Issue 11: The Director’s Take

Issue 11: The Director’s Take

“The art of Oratory needs no encomium.” So begins the preface to Caleb Bingham’s 1810 volume entitled, The Columbian Orator. Like the later McGuffey Readers, “school-books” like Bingham’s were quite popular throughout the nineteenth century, as Americans sought to train their children with exemplary words from the most virtuous lives of history. Selections from the Bible, Socrates, Cicero, Milton, George Washington, Ben Franklin, and dozens of other sources provided students with a treasure trove of words to be pored over, memorized, and used as models for public speaking.

Of course, that was two hundred years ago. Back in Bingham’s day, informative, persuasive, compelling speeches were a central feature of public life—a live performance akin to entertainment. Today’s frenetic media overwhelms the senses, making public speeches seem almost blasé by comparison. How can the unadorned human voice compete with digitally modified, visually enhanced presentations on YouTube?

Today very few elementary schools study oratory in the elementary grades, and most children never memorize great speeches from the past. Oratory—the art of public speaking—has fallen out of favor, which explains why we spend little time exploring its praiseworthy features. Contrary to Bingham’s assertion, a new encomium for oratory will be needed, if we are to rediscover its benefits for the individual and its advantages for public discourse.

Classical education provides an alternative to the contemporary neglect of oratory. This issue of VIRTUE is devoted to rhetoric, the art of persuasion. In the following pages, we will reconsider the purposes and power of rhetoric, relating them to the education of the young and the health of society.

To begin, journalist Jonathan Rauch (The Economist, The Atlantic) explains how rhetoric is essential to the restoration of public life, given today’s ideological factions. Rauch argues that “epistemic tribalism” affects our society in pre-conscious ways, through confirmation bias (by showing us what we want to see) and our conformity bias (by placing us among the like-minded), and that good public rhetoric is necessary in advancing civil unity beyond our biases. He also shares some wisdom on navigating the world of social media.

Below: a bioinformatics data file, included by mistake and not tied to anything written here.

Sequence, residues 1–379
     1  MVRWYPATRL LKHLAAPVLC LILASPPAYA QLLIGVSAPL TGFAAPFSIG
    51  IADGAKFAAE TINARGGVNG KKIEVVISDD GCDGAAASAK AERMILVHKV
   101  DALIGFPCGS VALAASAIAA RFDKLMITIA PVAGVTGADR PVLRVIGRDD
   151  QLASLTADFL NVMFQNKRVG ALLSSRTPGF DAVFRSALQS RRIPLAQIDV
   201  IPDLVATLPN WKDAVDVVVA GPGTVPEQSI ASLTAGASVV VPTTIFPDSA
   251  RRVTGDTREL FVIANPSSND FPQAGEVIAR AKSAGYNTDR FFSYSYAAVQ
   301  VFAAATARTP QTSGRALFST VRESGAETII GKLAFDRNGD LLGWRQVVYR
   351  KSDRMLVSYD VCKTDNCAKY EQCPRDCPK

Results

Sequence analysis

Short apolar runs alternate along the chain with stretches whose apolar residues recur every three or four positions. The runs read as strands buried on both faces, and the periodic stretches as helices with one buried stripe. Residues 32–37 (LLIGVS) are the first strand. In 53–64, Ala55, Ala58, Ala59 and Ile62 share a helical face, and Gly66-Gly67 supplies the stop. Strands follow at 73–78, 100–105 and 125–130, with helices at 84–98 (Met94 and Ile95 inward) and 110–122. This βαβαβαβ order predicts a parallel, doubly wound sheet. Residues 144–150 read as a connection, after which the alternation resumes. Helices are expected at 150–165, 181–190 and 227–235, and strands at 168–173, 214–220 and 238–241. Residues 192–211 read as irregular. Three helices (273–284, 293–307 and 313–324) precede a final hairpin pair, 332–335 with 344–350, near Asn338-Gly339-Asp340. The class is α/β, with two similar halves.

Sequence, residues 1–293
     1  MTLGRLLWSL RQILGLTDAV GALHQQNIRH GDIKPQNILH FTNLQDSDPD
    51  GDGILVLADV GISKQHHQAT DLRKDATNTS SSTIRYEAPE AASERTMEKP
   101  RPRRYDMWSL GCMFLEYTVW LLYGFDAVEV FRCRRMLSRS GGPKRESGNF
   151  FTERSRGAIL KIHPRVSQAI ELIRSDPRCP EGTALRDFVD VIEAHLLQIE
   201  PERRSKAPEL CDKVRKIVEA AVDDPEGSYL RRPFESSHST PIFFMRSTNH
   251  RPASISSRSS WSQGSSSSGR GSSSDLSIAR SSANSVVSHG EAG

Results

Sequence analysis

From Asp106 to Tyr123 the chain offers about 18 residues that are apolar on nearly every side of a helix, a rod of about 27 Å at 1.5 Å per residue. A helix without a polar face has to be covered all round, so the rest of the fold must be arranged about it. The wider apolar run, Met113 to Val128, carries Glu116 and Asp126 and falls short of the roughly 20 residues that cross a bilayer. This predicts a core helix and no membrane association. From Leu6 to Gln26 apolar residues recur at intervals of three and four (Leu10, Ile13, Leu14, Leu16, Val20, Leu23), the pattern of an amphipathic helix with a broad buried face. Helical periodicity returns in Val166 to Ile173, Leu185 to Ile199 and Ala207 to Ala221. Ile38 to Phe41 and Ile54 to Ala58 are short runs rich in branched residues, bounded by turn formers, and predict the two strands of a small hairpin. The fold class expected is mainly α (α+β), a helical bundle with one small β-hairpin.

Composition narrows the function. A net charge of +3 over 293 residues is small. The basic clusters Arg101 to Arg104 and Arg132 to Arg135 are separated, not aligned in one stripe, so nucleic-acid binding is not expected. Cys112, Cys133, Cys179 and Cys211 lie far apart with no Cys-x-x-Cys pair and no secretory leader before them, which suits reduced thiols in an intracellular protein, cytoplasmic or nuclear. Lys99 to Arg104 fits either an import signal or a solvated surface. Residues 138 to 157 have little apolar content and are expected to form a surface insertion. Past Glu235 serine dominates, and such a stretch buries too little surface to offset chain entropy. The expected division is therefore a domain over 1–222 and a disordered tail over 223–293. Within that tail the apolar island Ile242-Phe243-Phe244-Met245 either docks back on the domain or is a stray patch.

Drawing from her most recent book on the speeches of Abraham Lincoln, political scientist Diane Schaub (Loyola University Maryland) provides a careful exposition of Lincoln’s oratorical abilities, including the power to expose demagoguery, conform words and actions, console a suffering nation, and “unite the nation under the promise of its Founders and the hope for a just future.” Schaub provides a memorable reflection on the spoken words of our most famous statesman.

Next, we enjoy a thoughtful reflection by Anika Prather (Howard University) on the powerful influence of Bingham’s Columbian Orator on Frederick Douglass. Truly, Douglass’s experience with that “school-book” literally changed his life by providing a vision of the liberating power of the spoken word.

The Great Hearts network of classical academies recently developed a new course for seniors, entitled “The American Rhetorical Tradition.” We interviewed Zackary Withers, one of the course designers and teachers, who describes the course’s threefold emphasis on “theory, imitation, and practice … all with an American twist.” Students are called upon to emulate great funeral orations, farewell addresses, and various declamations, to develop their own speaking skills with a contemporary audience in mind. Ideally, students who take the course will come to better understand the humane purposes of oratory, becoming more confident in their speech and more compassionate toward their audience.

And more from Great Hearts, English teacher Betsy K. Brown shares some of her own poetry, reflections on guiding students in the rich worlds of history and language.

As Douglass’s life-changing encounter with oratory demonstrates, there is much to be said in praise of great speeches: words that have shaped the minds of many toward a common good. Classical education’s commitment to the pursuit of truth, goodness, and beauty depends upon the renewal of perennial ideas, practices, principles, and convictions—all of which are conveyed through the persuasive power of rhetoric and the oratorical excellence of the Great Conversation.


Dr. Robert L. Jackson is the executive director of the Institute for Classical Education.

Image: US Capitol Dome (Washington, D.C.), Detail, AdobeStock

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